Pretend for one minute you are a parent of a 3-year old child who, just before bedtime one night, asks a seemingly simple question; “Mommy, where do clouds come from?” How would you respond to that question?
On the surface, you may think it would be an easy answer, but, if you were to try to fully answer the question truthfully, you would quickly realize that much of the explanation is beyond the grasp of a young child. Many adults would struggle to explain the technicalities of how clouds form and dissipate and a full explanation would be far too much for a 3-year old to understand. In the end, you would likely give a quick, one-sentence answer that a 3-year old will find satisfactory, even if it is not entirely accurate, and move on. Years later when they are taught the specifics of weather patterns and our atmosphere, and, assuming this same 3-year old can remember that brief conversation many years earlier, they might wonder why you didn’t tell the truth. Why did you leave out so much information and hide some fairly important facts?
Why would a parent even consider treating a child in such a way? Why not simply give the answer?
Of course, anyone who has any experience with children (or co-workers for that matter) will understand immediately that this is not an option. People learn at their own pace and trying to fill them full of information is similar to filling a jug of water; eventually it will spill over the top and continuing to add more water is useless until you get a new, larger, jug to fill.
We all need to learn things slowly.
You cannot begin to teach multiplication until a person has a firm grasp on counting.
You cannot teach syncopation until a musician has a grasp of playing on the beat.
You cannot learn to write until you have learned how to read.
The list goes on.
This is why we have different grade levels in our schools. Each age group is expected to learn and understand certain things before being asked to move that knowledge deeper, understand it in new ways and find various methods of application. In fact, there are some instances where what you are taught in early years has to be un-taught in later years in order to show there are actually many exceptions to the “rules” learned at a younger age.
The easiest example of this in action is the common mnemonic device “i before e, except after c”. This is a very useful spelling rule many people, myself included, still use today. But as you progress in education, you discover this rule is not true. There are actually more exceptions to the rule than those words that conform to it. A total of 923 exceptions have been counted, which is 21 times more words than those that conform to the rule. This includes words such as weight, height, caffeine, foreign, sufficient, science, etc…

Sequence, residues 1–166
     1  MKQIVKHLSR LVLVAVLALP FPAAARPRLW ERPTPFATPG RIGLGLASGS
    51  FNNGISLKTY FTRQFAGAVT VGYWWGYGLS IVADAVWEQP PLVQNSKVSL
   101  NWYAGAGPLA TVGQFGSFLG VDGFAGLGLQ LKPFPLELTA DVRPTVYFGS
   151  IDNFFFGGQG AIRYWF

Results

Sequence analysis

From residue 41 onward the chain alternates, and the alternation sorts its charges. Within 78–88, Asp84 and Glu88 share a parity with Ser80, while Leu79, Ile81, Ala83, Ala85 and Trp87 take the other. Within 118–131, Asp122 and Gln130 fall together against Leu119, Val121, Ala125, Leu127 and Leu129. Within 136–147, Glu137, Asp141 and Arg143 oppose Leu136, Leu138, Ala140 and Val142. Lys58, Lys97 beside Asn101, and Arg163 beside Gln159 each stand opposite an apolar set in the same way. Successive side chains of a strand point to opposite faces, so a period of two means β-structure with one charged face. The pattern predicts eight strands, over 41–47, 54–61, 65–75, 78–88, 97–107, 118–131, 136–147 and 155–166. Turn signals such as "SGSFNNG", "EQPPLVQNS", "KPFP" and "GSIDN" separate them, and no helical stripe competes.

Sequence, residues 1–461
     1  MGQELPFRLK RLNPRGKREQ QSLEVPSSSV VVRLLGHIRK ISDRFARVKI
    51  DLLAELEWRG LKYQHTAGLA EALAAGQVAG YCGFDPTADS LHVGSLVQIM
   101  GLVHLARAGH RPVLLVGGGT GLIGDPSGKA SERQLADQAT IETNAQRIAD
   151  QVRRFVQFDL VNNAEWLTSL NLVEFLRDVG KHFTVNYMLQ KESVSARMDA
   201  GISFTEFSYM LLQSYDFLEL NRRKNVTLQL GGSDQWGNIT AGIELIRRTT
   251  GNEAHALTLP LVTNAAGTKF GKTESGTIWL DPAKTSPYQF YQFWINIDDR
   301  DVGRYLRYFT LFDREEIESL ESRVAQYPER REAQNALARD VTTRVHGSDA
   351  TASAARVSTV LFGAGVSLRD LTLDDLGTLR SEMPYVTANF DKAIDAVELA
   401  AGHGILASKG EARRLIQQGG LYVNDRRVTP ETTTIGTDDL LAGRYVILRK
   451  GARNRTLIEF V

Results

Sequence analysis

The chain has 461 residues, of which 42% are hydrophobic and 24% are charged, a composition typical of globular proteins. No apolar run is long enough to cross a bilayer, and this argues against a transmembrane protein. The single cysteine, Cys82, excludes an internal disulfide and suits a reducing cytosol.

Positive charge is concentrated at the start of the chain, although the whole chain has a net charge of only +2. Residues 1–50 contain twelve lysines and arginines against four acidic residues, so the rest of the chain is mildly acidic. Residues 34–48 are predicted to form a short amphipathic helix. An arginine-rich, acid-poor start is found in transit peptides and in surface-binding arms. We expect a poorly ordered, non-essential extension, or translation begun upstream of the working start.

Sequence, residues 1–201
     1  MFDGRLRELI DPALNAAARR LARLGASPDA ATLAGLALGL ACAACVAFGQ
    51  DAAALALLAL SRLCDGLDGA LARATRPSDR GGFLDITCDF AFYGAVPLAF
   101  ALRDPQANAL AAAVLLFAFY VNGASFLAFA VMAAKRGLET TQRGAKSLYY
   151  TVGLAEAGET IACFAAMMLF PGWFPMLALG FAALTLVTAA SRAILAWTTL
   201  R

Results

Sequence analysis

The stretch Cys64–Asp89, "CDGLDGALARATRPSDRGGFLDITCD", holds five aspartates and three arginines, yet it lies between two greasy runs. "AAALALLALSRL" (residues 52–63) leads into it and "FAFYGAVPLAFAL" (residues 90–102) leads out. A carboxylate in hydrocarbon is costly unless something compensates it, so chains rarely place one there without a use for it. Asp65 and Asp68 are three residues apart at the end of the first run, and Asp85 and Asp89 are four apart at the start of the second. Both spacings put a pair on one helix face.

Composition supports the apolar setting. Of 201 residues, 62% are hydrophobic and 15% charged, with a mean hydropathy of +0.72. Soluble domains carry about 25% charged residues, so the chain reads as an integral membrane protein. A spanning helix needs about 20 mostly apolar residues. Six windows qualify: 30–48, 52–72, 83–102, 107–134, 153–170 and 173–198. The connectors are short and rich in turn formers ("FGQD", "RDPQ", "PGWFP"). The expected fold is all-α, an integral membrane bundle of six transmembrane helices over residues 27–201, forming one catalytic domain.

Even with this evidence, the rule is still a very useful one for many people; however, in order to progress in one’s ability to spell, you can’t stop with this simple rule because it will fail you more times than it will help. As with virtually everything in life, we must continue to learn and develop our understanding in order to have a better picture of how things actually work.
I would guess most people would not have a problem agreeing with the statement that their own understanding of who God is has developed over time. I can attest with certainty that mine has grown and developed immensely throughout my life. The harder thing for people to accept is that God, as our teacher on who he is and what his plans and purposes are for us as individuals and for creation as a whole, would choose to reveal himself in the same slow, unfolding fashion that a teacher would use in every other aspect of life.
Why wouldn’t God simply download everything there is to know about himself to us in one, quick session? Not to sound too glib on this point, but I think we have already answered the question. We need to learn things at our own pace.
The revelation we are given of God in our bibles was not as quick and immediate as we in the 21st century may like to believe it was. While we have a complete collection of the canonized bible at our disposal, the same could not be said during the time when God first inspired writers to reveal his love for humankind.
As pointed out in a previous post, the majority of the bible was written in a cultural context that did not know who Jesus was, and, without that knowledge, had a limited view of who God was. It was only with the arrival of Jesus that God chose to fully reveal his character, his plans and his essence of complete love to the world. This revelation illuminates the Old Testament in new ways because it is the inspired story of God, but does not eliminate the fact that for centuries God was slowly revealing himself to people; taking them where they were and leading them closer to the ideal image of who he was.